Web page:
Volume 80, Number 51 | May 19 - 25, 2011
West and East Village, Chelsea, Soho, Noho, Little Italy, Chinatown and Lower East Side, Since 1933
Photo by Bonnie Rosenstock
At the New Museum’s StreetFest, Edith Raw, left, sported a wedding gown made out of recyclables that she collected within a half-block of her Brooklyn home.
StreetFest offered a road map of ideas for future
By Bonnie Rosenstock
The Festival of Ideas for the New City StreetFest offered a lot to chew on that was edifying, entertaining and edible. The all-day outdoor festival, which took place on Sat., May 7, brought together more than 100 local grassroots organizations, small businesses and nonprofit groups that presented their innovative products, forward-thinking strategies and sustainability projects.
The thousands of visitors, who traversed the Bowery from East Houston St. to Rivington St. (with a loop around to Sara Delano Roosevelt Park), were treated to cooking demonstrations with urban farmers, rooftop gardening classes, oral history projects (StoryCore; teen roving reporters from City-As-School), neighborhood preservation (the Bowery Alliance of Neighbors), bike tours (Bike Box — an open source iPhone that lets you tag the city with audio graffiti while you ride your bike; Lower East Side/Chinatown Bicycling Coalition, led by local youth), free valet bicycle parking (courtesy of Transportation Alternatives), workshops, family activities, performances, installations and a rich variety of locally grown sustainable foods to sample and purchase.
The festival debuted an environmentally inspired hot pink-and-blue tent module, “The Worms,” commissioned for the event. It housed projects for public participation, including Hot Bread Kitchen (a demo on how to make and serve flatbreads); The Drawing Center (artist-led projects that encouraged social and cultural engagement); The Laundromat Project (a place to silkscreen a tote bag while listening to public artist in residence Bayeté Ross Smith’s tower of boom boxes); ArtHome (homebuyer training and foreclosure information); Lower East Side Ecology Center (fishing in the East River estuary); and Brooklyn Grange Farm (sustainable seedlings, D.I.Y. home-gardening kits and all-natural skin products), as well as outdoor living rooms and inflatable structures.
Kate Payne, author of “the Hip Girl’s guide to Homemaking,” a “beginning-friendly guide,” demonstrated how quick and easy it is for both men and women, whether hip or not, to make fridge pickles with carrots.
“Extra veggies on hand work,” she said. “It’s a fun thing to learn and gratifying, and you don’t have to have a big kitchen, which is most people Downtown,” said the author, who recently moved from Brooklyn to the wide-open spaces of Texas.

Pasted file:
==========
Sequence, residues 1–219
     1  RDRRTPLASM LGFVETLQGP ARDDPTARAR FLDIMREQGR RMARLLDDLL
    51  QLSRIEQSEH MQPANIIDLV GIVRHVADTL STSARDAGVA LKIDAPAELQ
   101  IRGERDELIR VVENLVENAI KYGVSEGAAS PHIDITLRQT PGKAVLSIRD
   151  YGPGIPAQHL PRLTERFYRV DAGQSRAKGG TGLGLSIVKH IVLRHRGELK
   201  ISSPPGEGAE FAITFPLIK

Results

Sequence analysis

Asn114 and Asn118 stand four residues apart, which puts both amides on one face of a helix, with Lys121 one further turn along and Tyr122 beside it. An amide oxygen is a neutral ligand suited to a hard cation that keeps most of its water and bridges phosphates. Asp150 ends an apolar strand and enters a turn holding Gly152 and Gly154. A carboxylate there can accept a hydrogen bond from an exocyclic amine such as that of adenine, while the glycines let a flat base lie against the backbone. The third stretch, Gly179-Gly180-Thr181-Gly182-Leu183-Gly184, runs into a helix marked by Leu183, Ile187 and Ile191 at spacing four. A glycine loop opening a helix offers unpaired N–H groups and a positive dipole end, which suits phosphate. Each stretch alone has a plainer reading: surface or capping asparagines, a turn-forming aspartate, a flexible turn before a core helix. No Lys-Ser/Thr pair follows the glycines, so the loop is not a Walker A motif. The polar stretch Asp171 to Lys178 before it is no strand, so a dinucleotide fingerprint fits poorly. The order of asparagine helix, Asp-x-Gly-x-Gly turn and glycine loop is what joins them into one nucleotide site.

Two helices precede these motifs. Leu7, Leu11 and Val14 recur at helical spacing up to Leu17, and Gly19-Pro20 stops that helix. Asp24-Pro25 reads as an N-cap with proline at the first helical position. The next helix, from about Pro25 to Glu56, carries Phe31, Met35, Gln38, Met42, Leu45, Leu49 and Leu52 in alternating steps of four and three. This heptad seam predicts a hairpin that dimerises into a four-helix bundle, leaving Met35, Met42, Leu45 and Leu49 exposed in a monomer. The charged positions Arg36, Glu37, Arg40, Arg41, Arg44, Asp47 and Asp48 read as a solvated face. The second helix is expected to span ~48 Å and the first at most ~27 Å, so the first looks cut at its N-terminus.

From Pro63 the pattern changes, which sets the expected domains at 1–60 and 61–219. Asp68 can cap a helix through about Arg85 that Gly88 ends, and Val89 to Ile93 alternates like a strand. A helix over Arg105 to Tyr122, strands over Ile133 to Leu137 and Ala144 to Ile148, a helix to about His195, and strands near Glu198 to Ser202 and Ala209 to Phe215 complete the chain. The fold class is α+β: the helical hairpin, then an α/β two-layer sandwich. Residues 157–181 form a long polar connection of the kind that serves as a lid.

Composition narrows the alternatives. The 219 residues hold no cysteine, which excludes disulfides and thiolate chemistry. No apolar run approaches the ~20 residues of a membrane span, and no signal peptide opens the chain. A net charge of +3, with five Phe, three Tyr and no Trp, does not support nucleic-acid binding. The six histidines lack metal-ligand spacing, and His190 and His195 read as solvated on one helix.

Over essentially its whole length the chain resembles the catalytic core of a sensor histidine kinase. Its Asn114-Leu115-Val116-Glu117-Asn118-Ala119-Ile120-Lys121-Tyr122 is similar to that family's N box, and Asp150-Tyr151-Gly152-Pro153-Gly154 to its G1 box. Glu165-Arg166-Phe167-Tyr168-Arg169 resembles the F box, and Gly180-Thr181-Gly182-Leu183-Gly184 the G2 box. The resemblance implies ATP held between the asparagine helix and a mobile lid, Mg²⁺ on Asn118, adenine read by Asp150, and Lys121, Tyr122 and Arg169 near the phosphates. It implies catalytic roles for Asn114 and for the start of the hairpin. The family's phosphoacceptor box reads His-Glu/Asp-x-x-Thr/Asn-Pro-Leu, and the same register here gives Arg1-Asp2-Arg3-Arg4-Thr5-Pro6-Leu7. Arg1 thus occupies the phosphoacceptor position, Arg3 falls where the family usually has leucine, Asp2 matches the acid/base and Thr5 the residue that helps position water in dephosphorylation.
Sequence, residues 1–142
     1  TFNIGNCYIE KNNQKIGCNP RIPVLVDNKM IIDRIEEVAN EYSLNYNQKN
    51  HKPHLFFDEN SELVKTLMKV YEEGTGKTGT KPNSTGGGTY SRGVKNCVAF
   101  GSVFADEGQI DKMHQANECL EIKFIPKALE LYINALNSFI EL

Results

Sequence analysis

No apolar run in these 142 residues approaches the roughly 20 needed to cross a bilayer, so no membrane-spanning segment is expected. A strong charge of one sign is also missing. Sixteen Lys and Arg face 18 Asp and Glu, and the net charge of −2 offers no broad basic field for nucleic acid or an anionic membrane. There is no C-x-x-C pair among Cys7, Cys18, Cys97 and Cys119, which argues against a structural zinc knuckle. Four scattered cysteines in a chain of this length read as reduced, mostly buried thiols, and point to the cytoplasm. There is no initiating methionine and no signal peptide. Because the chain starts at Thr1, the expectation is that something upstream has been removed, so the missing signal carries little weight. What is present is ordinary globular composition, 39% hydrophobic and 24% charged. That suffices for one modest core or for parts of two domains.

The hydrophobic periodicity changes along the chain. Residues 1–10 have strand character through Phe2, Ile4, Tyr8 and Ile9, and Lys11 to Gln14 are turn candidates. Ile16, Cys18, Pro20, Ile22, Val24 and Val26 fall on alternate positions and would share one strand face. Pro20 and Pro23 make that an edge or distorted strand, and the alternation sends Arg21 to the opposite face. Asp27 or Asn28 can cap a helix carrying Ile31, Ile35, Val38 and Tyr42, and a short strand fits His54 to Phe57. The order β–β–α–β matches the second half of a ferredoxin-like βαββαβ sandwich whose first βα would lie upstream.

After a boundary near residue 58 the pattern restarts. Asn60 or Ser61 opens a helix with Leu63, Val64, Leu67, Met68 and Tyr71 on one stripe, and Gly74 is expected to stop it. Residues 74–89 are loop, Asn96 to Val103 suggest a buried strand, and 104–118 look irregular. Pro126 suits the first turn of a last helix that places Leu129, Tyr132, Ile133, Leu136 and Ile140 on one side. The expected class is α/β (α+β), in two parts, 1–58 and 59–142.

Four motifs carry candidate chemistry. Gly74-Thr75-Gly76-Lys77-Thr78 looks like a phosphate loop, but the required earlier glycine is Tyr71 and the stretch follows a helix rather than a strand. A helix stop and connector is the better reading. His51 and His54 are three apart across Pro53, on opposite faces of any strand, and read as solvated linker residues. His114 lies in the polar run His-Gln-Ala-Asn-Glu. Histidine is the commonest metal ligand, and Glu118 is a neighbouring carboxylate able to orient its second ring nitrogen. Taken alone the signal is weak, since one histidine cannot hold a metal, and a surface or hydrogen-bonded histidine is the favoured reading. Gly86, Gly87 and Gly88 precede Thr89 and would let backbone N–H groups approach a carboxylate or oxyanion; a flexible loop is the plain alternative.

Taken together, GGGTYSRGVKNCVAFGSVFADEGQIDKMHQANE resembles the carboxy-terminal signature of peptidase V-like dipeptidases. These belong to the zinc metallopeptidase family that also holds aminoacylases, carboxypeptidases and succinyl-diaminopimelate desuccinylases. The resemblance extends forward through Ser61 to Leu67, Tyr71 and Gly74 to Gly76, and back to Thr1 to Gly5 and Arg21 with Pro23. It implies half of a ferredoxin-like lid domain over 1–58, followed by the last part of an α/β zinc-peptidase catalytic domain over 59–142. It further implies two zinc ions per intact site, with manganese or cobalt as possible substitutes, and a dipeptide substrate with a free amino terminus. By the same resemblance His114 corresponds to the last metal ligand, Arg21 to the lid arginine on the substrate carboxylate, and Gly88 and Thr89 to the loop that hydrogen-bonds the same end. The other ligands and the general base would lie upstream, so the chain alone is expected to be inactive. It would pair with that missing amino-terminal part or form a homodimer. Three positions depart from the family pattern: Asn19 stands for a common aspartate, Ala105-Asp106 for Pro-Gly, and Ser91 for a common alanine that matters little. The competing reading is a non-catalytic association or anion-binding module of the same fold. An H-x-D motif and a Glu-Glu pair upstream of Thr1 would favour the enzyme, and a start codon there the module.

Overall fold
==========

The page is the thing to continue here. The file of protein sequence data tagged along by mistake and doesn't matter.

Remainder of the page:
Where to find those fresh veggies? Ask Jenna Krewson, a volunteer for GrowNYC, which operates farmers markets in 51 locations across the five boroughs.
“Think Global, Map Local” is the slogan of another group that was at the fest, Green Maps, an East Village-based organization that connects people to local green living.
“We are inviting people to recycle some of the maps and turn them into buttons with their own name tag to reduce waste, ” said Wendy Brawer.
Going global and bringing it local was what Long Island native Elizabeth Suta founded with Project peaceBOMB through the collaboration of Article 22. Suta traveled to Laos, one of Asia’s poorest countries, where people were making spoons out of bombs from the C.I.A.’s secret war during the Vietnam era, 1963 to 1974. The bracelets and spoons, made from these explosives and other scrap metal, support artisan households, village development and clearance of the remaining 30 percent of unexploded bombs.
A dazzling crochet installation by Olek featured objects and people enveloped in colorful yarn. The group was part of the mini Bushwick Art Park Project, curated by Ali Ha of Factory Fresh.
And, finally, what to do with all the garbage? If you are Edith Raw, you wear it. Raw created a stunning Kate Middleton-style wedding gown made out of recyclables that she collected within a half block of her Brooklyn neighborhood.
“It’s a heavy burden of toxicity we deal with on a daily basis,” explained Raw, who participates in Art in Odd Places, a festival that happens every October on the other side of the river.
The Festival of Ideas for the New City was founded by the New Museum, at 235 Bowery, in collaboration with 11 local organizing partners. Their mission is to imagine the future city and explore ideas to shape it. Symposia, lectures, demonstrations, exhibitions and performances took place in venues throughout the East Village and Lower East Side from May 4 to May 8.